Q: Yet it’s funny. The acting and rock ‘n roll worlds are so strange. Everything you do is new — a movie, a play, or in going on tour — even in joining a different band — it’s like being reborn into a new life each time. It’s not like you have a consistent day-to-day thing. You might if you had a regular TV series or theatrical production, but, at the end of the day, you know at some time or another, it’s going to end.
TW: You’ve got to reinvent yourself every time out. You’ve got to sing for your supper — you know this. I mean, every time out you’ve got to outdo yourself from the last time or you aren’t really an artist, are you? You must be allowed to fail and, as Samuel Beckett has said, “If you fail, next time fail better.” And if you don’t adopt that kind of reckless attitude toward creating then you’ll never be any good.
Q: You’ve finally done this feature. Has it been a while since you last worked on a film? You’ve kept it relatively self-contained. What did it take to get it done and find the actors? Now it’s all the process afterwards. A lot of actors and directors don’t realize that if you are not involved with the production all the way through, you’ve given up a part of it. You’ve got to stay engaged in a way that you don’t realize till you are into the next phase.
TW: Yeah, it’s a lot more work than I had anticipated. First of all, I raised the money myself which is quite a challenging exercise. When you go to people and say, “Excuse me, can I ask you for help” and they say, “Sure.” Then you say, “I need money,” they change rather on a dime. But I was fortunate enough to be able to find, I guess, about seven or eight people who chipped in, and smaller amounts in exchange for points in the film.
Q: You didn’t go the social media route?
TW: No. I tried to do that. We raised $2000 and that wasn’t going to do me any good. I knew $2000 was nothing. I needed to get more. So I just went to fans that I knew who had money and friends that had money — people that believed in me — people that knew me well enough to know that if Tom does this he’ll do it right. And I feel that I did. Guess the audience will be the judge of that, won’t they?
Q: It’s a pretty provocative subject. You’ve got a couple who are opening up their marriage and are going to have sex with other people. And it doesn’t quite end up the way it sounds like.
TW: Right, we don’t want to give away the ending. Let’s just say It’s that five-year hitch [point]. After five years — as anybody that’s married can tell you — things hit a wall and people tend to either have affairs or try to spice things up. So the characters I created chose to spice things up and there are moral consequences.
Q: How did you find those two actors?
TW: My manager David Guss at Vanguard Management recommended them because I couldn’t afford a casting director. I had to just find actors. I’ve been working with actors for decades so I can read them pretty quickly. Then I found Jam Murphy. Jamie’s a lovely human being and an actress who’s great to work with. I found them and we did Zoom readings. It was [during] the pandemic. Although I had to meet Jamie in person before I could cast her. Her part was so integral — she is the fulcrum upon which the story turns. We met at Siena right here in the neighborhood. We sat outside wearing our masks and as far as I could tell I felt we had a great connection instantaneously. She’s proven to be not just an asset in terms of helping me get the film off the ground but on set, she was such fun. She was just like, “Let’s make a movie!” That’s the greatest attitude you could possibly dream of as a director. And there were tough conditions. We shot a 90-minute film. I had to go back and do a re-shoot, so it was really 15 days.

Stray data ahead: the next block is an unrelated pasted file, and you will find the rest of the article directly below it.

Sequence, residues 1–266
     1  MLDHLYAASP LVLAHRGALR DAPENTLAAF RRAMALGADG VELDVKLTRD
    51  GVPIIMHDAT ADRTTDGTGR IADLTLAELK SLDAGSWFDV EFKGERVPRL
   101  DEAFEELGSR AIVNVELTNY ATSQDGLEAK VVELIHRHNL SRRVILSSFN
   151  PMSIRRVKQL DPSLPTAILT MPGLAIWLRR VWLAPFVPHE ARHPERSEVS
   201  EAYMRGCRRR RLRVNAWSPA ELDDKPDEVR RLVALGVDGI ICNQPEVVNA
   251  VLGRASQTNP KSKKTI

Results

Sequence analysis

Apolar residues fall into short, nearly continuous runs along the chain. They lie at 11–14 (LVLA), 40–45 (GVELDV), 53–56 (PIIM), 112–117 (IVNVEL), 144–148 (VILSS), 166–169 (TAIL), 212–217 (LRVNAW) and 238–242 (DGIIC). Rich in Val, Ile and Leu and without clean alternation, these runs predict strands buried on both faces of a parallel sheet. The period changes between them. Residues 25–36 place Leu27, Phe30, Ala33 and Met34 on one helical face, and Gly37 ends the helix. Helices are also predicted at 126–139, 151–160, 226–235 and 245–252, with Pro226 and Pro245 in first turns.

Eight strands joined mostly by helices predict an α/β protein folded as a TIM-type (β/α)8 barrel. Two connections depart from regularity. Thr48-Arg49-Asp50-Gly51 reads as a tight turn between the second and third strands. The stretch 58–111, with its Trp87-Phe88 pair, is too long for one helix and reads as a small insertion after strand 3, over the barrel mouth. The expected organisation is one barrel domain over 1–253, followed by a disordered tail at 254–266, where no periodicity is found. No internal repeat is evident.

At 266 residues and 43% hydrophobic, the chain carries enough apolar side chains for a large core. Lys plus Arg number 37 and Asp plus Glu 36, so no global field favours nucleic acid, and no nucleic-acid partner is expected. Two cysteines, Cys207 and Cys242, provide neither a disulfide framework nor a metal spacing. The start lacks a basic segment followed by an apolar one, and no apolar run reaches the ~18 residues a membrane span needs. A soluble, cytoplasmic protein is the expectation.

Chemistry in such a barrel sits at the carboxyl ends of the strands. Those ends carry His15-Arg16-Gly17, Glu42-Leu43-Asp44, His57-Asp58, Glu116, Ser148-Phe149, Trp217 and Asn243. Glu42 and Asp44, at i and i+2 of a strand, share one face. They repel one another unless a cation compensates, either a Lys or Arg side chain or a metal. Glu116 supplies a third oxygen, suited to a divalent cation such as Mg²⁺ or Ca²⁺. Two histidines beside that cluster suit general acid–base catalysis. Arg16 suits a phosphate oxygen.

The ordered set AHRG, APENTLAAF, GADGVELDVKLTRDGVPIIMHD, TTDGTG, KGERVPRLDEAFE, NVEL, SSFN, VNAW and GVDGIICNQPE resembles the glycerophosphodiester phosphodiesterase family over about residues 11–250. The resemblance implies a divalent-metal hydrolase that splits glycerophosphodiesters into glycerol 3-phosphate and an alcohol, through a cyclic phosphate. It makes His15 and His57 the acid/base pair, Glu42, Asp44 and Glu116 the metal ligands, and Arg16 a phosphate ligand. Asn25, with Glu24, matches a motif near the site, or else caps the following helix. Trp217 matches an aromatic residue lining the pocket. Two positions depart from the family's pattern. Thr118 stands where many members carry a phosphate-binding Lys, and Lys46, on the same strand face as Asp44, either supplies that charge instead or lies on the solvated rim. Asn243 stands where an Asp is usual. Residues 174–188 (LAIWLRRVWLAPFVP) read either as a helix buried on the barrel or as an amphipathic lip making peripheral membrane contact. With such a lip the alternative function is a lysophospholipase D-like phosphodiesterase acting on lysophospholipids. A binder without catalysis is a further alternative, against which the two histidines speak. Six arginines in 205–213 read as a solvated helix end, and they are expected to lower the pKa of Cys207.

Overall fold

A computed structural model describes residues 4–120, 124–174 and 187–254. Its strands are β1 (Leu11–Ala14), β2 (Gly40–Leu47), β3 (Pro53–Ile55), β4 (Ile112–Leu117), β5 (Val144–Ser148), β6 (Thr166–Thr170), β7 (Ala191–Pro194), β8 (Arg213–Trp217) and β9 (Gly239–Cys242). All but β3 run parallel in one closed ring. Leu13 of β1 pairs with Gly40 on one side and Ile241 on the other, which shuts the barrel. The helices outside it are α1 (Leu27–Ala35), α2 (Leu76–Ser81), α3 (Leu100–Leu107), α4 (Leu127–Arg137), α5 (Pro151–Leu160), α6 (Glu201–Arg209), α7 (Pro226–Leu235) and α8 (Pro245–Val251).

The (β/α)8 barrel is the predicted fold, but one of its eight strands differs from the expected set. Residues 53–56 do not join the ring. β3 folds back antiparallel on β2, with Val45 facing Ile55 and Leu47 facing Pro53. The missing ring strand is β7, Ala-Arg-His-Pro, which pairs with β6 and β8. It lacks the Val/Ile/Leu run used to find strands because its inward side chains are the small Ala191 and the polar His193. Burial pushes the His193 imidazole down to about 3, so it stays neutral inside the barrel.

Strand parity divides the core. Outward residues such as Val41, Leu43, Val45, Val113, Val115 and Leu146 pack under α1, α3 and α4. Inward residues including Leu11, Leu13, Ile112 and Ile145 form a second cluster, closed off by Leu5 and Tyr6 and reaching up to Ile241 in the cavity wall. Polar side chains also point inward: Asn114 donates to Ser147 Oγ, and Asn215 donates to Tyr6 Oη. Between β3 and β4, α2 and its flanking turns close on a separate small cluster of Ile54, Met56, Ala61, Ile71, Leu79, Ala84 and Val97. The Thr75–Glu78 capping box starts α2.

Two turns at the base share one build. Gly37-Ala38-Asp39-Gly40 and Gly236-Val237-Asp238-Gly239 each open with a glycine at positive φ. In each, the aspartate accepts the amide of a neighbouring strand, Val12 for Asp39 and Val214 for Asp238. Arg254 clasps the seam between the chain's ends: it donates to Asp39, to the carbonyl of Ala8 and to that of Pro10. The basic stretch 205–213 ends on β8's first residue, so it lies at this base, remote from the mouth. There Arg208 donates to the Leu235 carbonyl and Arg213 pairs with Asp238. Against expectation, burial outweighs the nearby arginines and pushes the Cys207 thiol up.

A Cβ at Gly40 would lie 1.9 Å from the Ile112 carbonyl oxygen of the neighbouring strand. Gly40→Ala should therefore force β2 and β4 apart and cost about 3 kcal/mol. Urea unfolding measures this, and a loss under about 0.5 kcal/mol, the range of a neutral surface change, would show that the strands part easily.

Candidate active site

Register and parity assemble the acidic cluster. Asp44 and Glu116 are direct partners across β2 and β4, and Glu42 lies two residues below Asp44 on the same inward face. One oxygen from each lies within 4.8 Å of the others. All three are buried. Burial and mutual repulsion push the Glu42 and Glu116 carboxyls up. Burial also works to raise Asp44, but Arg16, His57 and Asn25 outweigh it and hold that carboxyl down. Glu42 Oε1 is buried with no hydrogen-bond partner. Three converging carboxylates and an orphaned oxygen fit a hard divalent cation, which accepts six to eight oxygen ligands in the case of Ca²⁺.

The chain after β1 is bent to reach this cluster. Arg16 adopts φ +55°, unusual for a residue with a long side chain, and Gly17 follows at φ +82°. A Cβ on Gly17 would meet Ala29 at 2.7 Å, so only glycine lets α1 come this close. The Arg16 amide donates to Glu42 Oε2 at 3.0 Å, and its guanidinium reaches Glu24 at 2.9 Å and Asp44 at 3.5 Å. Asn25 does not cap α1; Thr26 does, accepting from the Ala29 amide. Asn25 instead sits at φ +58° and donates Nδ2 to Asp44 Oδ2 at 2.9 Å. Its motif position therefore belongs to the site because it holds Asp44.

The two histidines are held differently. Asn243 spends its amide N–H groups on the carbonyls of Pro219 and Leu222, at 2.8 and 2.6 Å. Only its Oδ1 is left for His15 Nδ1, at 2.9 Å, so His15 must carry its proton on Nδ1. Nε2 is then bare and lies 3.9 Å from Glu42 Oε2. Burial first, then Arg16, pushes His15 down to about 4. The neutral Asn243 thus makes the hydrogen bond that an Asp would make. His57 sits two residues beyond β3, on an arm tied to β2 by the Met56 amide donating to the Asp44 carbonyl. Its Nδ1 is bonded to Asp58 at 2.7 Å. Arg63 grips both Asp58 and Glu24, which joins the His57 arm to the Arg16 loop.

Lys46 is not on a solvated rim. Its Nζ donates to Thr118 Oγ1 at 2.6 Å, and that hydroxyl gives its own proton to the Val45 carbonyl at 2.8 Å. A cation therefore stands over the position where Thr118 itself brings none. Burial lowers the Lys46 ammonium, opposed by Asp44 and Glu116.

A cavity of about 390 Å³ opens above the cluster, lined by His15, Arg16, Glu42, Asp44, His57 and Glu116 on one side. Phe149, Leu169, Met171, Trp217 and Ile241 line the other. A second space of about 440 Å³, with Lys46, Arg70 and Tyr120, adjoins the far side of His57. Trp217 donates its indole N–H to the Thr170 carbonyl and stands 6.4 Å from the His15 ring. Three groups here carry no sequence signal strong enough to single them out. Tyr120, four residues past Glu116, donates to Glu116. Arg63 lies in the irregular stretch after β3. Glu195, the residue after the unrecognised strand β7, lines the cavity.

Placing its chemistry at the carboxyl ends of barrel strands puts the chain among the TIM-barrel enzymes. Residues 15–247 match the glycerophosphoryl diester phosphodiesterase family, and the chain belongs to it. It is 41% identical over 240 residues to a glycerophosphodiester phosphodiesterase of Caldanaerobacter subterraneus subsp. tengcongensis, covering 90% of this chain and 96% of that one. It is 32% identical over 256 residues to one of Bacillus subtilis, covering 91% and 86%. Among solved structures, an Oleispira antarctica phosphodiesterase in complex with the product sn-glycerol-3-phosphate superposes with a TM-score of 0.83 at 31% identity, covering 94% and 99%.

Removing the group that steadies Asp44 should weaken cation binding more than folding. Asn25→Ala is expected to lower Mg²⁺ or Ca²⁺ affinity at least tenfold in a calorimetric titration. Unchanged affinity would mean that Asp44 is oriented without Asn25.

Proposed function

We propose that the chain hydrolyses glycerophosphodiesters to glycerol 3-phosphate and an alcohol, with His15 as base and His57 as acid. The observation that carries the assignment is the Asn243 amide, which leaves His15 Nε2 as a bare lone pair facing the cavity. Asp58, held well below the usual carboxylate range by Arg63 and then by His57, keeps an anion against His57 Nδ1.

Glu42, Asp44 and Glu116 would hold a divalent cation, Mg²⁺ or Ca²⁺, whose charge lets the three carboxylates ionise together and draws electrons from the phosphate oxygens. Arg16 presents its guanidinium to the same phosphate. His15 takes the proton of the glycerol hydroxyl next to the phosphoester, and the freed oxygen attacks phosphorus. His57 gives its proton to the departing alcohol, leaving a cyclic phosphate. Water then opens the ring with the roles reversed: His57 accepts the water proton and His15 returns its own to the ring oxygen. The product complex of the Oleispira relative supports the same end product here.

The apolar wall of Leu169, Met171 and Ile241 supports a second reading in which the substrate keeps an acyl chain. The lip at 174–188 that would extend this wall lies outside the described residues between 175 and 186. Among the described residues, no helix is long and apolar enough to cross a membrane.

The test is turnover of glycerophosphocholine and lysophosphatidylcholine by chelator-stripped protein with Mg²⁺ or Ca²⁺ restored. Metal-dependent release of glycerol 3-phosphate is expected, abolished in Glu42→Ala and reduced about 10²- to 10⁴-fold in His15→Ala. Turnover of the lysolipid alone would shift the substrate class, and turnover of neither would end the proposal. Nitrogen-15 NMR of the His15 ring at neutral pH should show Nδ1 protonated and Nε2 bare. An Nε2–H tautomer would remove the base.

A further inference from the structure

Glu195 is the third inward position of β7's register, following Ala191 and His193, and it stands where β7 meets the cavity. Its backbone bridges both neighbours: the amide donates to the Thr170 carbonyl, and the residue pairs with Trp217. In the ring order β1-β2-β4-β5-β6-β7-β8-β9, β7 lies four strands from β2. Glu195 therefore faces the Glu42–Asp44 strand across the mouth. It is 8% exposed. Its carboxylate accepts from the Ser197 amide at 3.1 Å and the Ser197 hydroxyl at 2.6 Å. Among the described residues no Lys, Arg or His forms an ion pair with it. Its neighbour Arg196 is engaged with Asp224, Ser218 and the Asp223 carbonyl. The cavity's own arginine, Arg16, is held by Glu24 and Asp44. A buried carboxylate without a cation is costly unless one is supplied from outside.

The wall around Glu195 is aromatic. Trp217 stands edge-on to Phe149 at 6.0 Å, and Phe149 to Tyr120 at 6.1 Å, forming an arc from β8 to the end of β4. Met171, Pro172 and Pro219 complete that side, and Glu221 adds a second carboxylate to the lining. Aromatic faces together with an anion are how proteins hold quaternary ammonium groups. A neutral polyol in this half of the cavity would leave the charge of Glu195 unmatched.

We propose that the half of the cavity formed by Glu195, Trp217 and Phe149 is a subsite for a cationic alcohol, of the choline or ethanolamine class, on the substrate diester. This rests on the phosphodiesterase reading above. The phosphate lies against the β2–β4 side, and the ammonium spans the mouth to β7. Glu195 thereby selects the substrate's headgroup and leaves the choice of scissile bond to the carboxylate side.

Q: You didn’t tap your students?
TW: I did not because none of them at the time were right for the roles that I was looking for. The vision changed through each rewrite. It kept on getting clearer and clearer. It was sort of like going to the eye doctor and they put on this fuzzy lens and it got clearer and clearer. Then finally I got into focus — “Oh I see, she has to be 30 years old; he has to be 50 years old” — in order for this story to work. I was lucky enough that I saw Jamie in a video, a video about dogs. I went, “There’s something about her that’s extraordinary.” She’s even more beautiful as a person – as a human – than she is physically. And she’s quite stunningly attractive, as you can see. But then I got the other two actors from David Guss and hired the rest. I did hire one student. Well, he was really a professional actor from Utah. Wilford Brimley had asked me to direct “Harvey” and he played the main character. Dr Lyman, I think that was his name. The doctor in the story of Harvey was this brilliant kid from St. George, Utah. He was a student of mine, and I cast him in the role of the cop.
Q: Is there a preference of doing theater, film or even TV for acting, but what do feel about directing?
TW: I have directed tons of theater. You see there on the wall — the poster of “Twelfth Night.” I’ve probably directed over 50 plays Off Broadway, Off-Off Broadway and regionally. I’ve got a lot of experience directing plays which is quite challenging, You’re in one space. You can’t really change locations, but I’ve had some great set designers that have helped. I did a production of “As You Like It” where the set designer, a Japanese guy, painted the entire poor as the forest. The whole play is in different places but the forest is significant, the fulcrum! Directing theatre is exciting, challenging and motivating. People have to give the same performance night after night as opposed to film. There, it is really up to me where I put the camera, how I want this story to be told, who I want to focus on and why.